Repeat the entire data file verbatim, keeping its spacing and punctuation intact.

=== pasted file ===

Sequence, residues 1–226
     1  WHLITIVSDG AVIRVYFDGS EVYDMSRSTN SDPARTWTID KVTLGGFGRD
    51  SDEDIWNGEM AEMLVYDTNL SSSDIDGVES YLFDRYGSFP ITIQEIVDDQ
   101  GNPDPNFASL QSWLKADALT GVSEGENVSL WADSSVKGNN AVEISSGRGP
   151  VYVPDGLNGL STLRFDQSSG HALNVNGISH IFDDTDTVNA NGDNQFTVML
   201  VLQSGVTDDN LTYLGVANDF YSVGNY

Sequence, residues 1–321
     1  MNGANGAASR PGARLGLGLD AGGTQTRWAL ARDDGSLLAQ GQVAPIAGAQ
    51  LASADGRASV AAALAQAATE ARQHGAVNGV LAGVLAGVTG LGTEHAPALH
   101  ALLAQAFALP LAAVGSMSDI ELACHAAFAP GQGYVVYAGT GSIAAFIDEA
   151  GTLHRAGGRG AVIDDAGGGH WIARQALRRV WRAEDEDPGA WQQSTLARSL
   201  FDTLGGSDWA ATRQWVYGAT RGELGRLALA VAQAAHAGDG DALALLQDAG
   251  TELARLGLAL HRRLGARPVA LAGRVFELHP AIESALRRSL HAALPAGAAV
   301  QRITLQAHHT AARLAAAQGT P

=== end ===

Sequence, residues 1–226
     1  WHLITIVSDG AVIRVYFDGS EVYDMSRSTN SDPARTWTID KVTLGGFGRD
    51  SDEDIWNGEM AEMLVYDTNL SSSDIDGVES YLFDRYGSFP ITIQEIVDDQ
   101  GNPDPNFASL QSWLKADALT GVSEGENVSL WADSSVKGNN AVEISSGRGP
   151  VYVPDGLNGL STLRFDQSSG HALNVNGISH IFDDTDTVNA NGDNQFTVML
   201  VLQSGVTDDN LTYLGVANDF YSVGNY

Sequence, residues 1–321
     1  MNGANGAASR PGARLGLGLD AGGTQTRWAL ARDDGSLLAQ GQVAPIAGAQ
    51  LASADGRASV AAALAQAATE ARQHGAVNGV LAGVLAGVTG LGTEHAPALH
   101  ALLAQAFALP LAAVGSMSDI ELACHAAFAP GQGYVVYAGT GSIAAFIDEA
   151  GTLHRAGGRG AVIDDAGGGH WIARQALRRV WRAEDEDPGA WQQSTLARSL
   201  FDTLGGSDWA ATRQWVYGAT RGELGRLALA VAQAAHAGDG DALALLQDAG
   251  TELARLGLAL HRRLGARPVA LAGRVFELHP AIESALRRSL HAALPAGAAV
   301  QRITLQAHHT AARLAAAQGT P